1.1989 — Taylor Swift

Taylor Swift killed it in 2014. She moved from Nashville to New York, performed at the VMAs, openly embraced her feminist label and hosted an A-list birthday party. Somehow between all of that she managed to drop the best-selling album of the year: her pop debut, 1989.

Taylor’s takeover of 2014 began with “Shake It Off,” a Swiftified-back-off-haters pop anthem. Backed by saxophone, it had everyone (haters included) getting down to that sick beat for about two months straight. It held the charts over just long enough for the rest of 1989 to take them over. Each track runs on a different level, leaving listeners with a well-rounded, and completely satisfying pop experience. “Welcome to New York” demands to be played in Times Square at least once daily. The groove behind “Style” has a Bee Gee-esque beat and an unbelievably catchy chorus. “I Know Places” throws the hunter/hunted metaphor through a loop producing one of the album’s most unique tracks. Lastly, there is not enough praise for “Blank Space” that speaks to its tongue-in-cheek awesomeness. Every track has a new angle; every track delivers.

What is more astonishing than the tracks themselves is the overall style of the album. It is masterful pop music without any of the bullshit that floods mainstream music. There’s no profanity, no molly references and it doesn’t make a spectacle out of itself by striving for shock or controversy. Even without shock, it still leaves listeners in awe.

1989 is groundbreaking by being regressive instead of progressive. It is pop music at its core. It is about life and love and the battles people face within themselves every day. It is timeless. 1989 would’ve rocked it back in its title year, it is rocking it today and it will be rocking it in 30 years.

-Christian Kennedy

2. Sucker – Charli XCX

Since the rise of Icona Pop’s “I Love It,” Charlotte Aitchison has been hopping from track to track on fellow artists’ radio hits, and in the final chapter of 2014, Charli XCX brought about a glitz-and-glam pop-punk record that seamlessly weaves its aggressions into the threads of its live-like-crazy preachings.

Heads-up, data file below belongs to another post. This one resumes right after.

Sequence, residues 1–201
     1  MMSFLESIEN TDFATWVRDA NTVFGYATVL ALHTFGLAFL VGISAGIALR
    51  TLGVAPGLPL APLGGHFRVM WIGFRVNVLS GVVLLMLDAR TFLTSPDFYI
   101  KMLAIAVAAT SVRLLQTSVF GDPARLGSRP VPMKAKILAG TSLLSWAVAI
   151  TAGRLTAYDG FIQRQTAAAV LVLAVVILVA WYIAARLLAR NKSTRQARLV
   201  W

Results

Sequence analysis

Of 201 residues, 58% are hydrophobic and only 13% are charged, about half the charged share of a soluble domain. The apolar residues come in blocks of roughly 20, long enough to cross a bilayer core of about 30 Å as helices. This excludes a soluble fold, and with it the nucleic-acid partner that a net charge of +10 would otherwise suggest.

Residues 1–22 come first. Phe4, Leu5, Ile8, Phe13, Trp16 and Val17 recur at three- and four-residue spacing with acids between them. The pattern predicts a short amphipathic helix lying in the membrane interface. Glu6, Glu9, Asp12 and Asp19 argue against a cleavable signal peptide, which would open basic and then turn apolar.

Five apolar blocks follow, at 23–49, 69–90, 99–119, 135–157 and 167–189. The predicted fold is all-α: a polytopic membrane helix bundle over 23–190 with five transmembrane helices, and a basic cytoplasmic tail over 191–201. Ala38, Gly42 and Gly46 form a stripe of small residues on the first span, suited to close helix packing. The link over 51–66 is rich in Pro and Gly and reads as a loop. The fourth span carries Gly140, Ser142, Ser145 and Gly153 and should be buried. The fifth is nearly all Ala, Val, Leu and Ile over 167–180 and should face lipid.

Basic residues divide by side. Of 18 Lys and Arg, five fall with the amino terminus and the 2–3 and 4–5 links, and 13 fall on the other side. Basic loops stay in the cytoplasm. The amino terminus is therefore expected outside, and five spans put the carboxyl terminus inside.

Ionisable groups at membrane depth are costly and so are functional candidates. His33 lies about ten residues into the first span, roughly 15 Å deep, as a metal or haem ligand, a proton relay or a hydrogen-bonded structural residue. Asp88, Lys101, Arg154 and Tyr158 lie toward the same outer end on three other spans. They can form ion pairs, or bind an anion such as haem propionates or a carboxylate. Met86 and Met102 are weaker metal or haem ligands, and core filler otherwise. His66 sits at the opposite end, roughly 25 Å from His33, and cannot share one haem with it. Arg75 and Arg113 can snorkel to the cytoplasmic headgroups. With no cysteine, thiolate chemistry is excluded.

And while the heightened reality of Aitchison’s “London Queen” lifestyle can appear out of touch at times, the pop singer’s Gwen-Stefani-esque cheerleader chants will pull anyone along for the ride — even if on the “wrong side of the road.”

Sucker growls in the face of every female power-pop singer of 2014, and has the sonic distortion and lyrical brutality to back up its third degree heat.

“You had an ugly tattoo and fucking cheap perfume.”

Don’t end up being the guy on the other end of a Charli XCX lyric.

-Greg Hicks

3. In The Lonely Hour — Sam Smith

For someone who seemed nothing more than a one-hit wonder plastered on a series of lucky hits, Sam Smith has risen to the ranks of the some of the worlds most consistent artists. With that, it’s hard to believe that In the Lonely Hour is only Smith’s debut.

Smith is technical, but doesn’t let that get in the way of raw emotion. He’s dramatic, but earnest. His lyrics are relatable, each packaged in a painfully honest storybook form. In some ways, it’s repetitive, really. In The Lonely Hour tells the same perplexity of unrequited love in 10 different colors through each of his tracks.

Mustering three top 10 tracks in the United States and six whooping Grammy nominations this year alone, Smith has broken through the realm of contemporary adult pop, bringing the voice of contemporary-classics in the likes of Michael Bublé and Adele back into mainstream media. While each track narrates love’s downfalls and the ultimate triumphs of heartbreak, Smith’s voice tells another story of strain and mental ache. Through his music, Smith acquiesces to his fate, and tells his story in stream-of-consciousness fashion, replicating the exactness of every sting and stitch he felt through his experiences.

In The Lonely Hour is perfect. It conjoins single-worthy melodies with a voice that truly knows how to capture emotion. Yet, when perfection repeats itself, it no longer is perfect. Show us something else extraordinary, Smith. That’s how you’ll stay.

-Amrutha Sivakumar

4. RTJ2 – Run the Jewels

In 1988, a group from Long Island called Public Enemy released It Takes a Nation of Millions to Hold Us Back. Though the album can be categorized as early hip hop, it’s more of a study in noise rap, and it synthesized various elements of rock, punk and jazz into a single mortar shell that shattered the history of street music and street politics.

Fast forward four years. The year is 1992 and Pete Rock and C.L. Smooth have just released their debut album Mecca and the Soul Brother. Rock and Smooth met at the helm of the “Golden Age” in hip hop, where they took center stage and gave East Coast rap an album of finely tuned jazz and soul. They shared a unique telepathic communication and operated very much on the same frequency, adding the word ‘synergy’ to the definition of duo.